Trump election fundraiser, photo used investment fraud scheme
Two New York residents were arrested Monday on a federal criminal complaint accusing them of a nearly decadelong $27 million investment fraud scheme that leveraged their attendance at a 2017 fundraiser with then-President Donald Trump to dupe their victims.
Prosecutors said Sherry Xue Li and Lianbo Wang lured more than 150 victims, many of whom were foreign nationals living outside the United States, into investing in a fictitious project to build a private educational institution in Sullivan County, New York, by claiming it had the support of prominent politicians.
The two Oyster Bay, Long Island, residents also promised their investors green cards to obtain residence in the United States, access to politicians and dividends for their financial support of the so-called Thompson Education Center, according to prosecutors.
The duo used the money they allegedly swindled to pay personal expenses for clothing, jewelry, housing, vacations and upscale meals, as well as “contributions to prominent politicians,” the U.S. Attorney’s Office for the Eastern District of New York said in a statement.
“In furtherance of their scheme, Li and Wang also acted as ‘straw donors’ for foreign nationals to unlawfully contribute to campaigns supporting U.S. politicians and political committees,” that office said. “Among other things, Li and Wang promised foreign nationals access to U.S. political events and politicians in exchange for a fee.”
For example, Li, 50, and the 45-year-old Wang charged 12 foreign nationals $93,000 per person for admission to a June 2017 Trump fundraiser, and they used that money to “unlawfully” make $600,000 in political contributions to the committee that hosted the event, according to a criminal complaint filed in U.S. District Court in Brooklyn, New York.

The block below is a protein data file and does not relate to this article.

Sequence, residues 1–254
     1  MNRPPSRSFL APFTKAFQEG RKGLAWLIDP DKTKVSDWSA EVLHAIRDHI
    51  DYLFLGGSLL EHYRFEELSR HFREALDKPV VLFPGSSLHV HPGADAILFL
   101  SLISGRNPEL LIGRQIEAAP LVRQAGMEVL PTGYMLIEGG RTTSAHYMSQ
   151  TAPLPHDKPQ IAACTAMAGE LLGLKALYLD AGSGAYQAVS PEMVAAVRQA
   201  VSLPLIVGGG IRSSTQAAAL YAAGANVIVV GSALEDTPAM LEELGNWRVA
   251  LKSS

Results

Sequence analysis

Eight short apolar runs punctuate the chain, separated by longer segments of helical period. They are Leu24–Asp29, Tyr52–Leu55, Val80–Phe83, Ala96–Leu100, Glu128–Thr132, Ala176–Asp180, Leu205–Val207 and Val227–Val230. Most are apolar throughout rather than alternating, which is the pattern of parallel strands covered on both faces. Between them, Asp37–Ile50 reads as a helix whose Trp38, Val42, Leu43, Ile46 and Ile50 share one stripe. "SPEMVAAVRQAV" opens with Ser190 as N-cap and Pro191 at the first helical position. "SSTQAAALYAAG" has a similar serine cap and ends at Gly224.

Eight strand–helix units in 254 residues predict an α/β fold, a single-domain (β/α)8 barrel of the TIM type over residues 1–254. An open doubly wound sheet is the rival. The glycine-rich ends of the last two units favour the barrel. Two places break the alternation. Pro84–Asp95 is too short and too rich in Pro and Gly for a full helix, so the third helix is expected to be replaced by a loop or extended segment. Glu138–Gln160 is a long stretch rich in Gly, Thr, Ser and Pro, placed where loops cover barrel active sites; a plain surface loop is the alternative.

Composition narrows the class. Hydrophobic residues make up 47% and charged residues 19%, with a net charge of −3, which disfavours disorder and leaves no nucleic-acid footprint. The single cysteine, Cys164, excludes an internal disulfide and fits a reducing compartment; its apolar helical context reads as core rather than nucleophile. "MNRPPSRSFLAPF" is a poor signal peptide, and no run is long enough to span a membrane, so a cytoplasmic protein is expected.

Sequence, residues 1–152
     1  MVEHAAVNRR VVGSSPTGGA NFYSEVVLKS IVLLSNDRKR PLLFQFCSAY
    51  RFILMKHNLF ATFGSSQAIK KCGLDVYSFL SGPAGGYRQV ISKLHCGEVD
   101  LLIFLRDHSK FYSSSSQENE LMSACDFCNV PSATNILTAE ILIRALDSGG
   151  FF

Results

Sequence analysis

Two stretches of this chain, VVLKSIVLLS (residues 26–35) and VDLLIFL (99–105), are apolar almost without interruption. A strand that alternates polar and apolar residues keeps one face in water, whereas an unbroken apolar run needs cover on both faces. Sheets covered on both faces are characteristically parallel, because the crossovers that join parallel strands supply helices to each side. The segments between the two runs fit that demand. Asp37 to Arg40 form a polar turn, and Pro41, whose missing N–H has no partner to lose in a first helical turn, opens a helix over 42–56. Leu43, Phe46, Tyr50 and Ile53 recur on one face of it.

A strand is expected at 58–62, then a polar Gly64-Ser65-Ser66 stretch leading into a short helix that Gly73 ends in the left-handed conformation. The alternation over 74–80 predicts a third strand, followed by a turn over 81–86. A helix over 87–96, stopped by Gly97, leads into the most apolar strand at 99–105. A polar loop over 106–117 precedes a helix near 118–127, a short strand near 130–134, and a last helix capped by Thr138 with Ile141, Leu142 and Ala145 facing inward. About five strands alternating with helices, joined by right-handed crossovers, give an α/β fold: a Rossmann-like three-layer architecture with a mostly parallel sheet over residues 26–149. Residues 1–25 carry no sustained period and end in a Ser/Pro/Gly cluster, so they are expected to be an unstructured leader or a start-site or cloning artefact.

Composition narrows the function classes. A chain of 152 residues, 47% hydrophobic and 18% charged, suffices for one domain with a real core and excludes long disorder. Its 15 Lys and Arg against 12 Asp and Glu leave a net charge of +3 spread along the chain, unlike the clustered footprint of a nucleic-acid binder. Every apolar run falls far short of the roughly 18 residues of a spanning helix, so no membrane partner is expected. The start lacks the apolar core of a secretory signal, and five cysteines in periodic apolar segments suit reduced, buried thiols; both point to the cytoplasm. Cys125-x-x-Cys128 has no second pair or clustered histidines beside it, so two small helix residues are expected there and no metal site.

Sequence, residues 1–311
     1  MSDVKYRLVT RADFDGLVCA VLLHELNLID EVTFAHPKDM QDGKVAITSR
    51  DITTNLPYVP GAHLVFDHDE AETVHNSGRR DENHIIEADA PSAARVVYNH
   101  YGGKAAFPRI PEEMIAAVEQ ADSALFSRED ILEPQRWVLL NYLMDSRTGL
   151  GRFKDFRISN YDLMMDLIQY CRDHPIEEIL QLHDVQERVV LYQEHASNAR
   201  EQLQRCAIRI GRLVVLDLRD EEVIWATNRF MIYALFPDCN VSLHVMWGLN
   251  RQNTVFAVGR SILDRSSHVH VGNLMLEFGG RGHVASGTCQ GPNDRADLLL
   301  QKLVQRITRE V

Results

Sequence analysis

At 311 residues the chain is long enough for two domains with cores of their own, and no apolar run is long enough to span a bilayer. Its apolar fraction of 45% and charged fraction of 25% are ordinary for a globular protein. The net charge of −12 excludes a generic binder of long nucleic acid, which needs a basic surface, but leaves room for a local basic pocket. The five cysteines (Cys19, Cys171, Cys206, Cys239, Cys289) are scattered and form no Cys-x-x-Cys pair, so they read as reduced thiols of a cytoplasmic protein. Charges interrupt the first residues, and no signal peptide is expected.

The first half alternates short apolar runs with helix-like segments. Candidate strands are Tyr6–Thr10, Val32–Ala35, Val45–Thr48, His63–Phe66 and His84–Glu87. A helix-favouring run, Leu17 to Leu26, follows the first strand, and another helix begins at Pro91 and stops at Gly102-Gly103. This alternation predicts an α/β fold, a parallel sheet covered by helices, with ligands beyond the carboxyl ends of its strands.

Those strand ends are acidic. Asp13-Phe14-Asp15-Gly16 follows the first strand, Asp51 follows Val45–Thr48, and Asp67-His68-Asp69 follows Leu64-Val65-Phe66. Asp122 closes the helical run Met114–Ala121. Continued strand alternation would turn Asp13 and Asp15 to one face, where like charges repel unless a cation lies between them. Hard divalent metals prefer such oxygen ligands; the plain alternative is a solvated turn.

“Li, Wang and their foreign national guests attended the June 28, 2017 Fundraiser and took photographs with the then-President of the United States,” the U.S. attorney’s office said.
“Li and Wang later used a photograph of Li and the President taken at the fundraiser to solicit investment in the TEC Project.”
It is illegal for foreign money to be used to contribute to U.S. federal political campaigns. Li and Wang were both born and raised in China, but are naturalized U.S. citizens.
In addition to the Trump event, prosecutors said Li and Wang used investors’ funds to make political contributions to other political events, where they took photographs with elected officials and later used those photos to solicit investments from foreign nationals in the TEC project, prosecutors said.
A 2017 USA Today profile of Li noted that she had donated more than $32,000 to the Republican National Committee shortly before Trump won the 2016 election, and that she had issued news releases that touted her attendance at Trump’s inauguration, “a black-tie inaugural ball, an invitation-only reception to honor White House chief of staff Reince Priebus and a pre-inaugural dinner with ‘select Cabinet appointees … to have an intimate policy discussion.’ “
The same profile said Li contributed $55,000 to the campaign of then-New York Gov. Andrew Cuomo, a Democrat, in 2014, and more than $47,000 the same year to the GOP election committee whose goal was to keep the House of Representatives under Republican control.
Li and Wang, also known as “Mike Wang,” are charged with wire fraud conspiracy, money laundering conspiracy and conspiracy to defraud the United States by obstructing the Federal Election Commission’s administration of campaign finance laws.
The defendants are due to appear Monday afternoon in Brooklyn federal court.
Prosecutors in a letter to Judge Ramon Reyes called the defendants “significant flight risks” because of “the seriousness of the charged offenses and the overwhelming evidence of their guilt,” as well as their longstanding ties and travel to China, which does not have an extradition treaty with the U.S.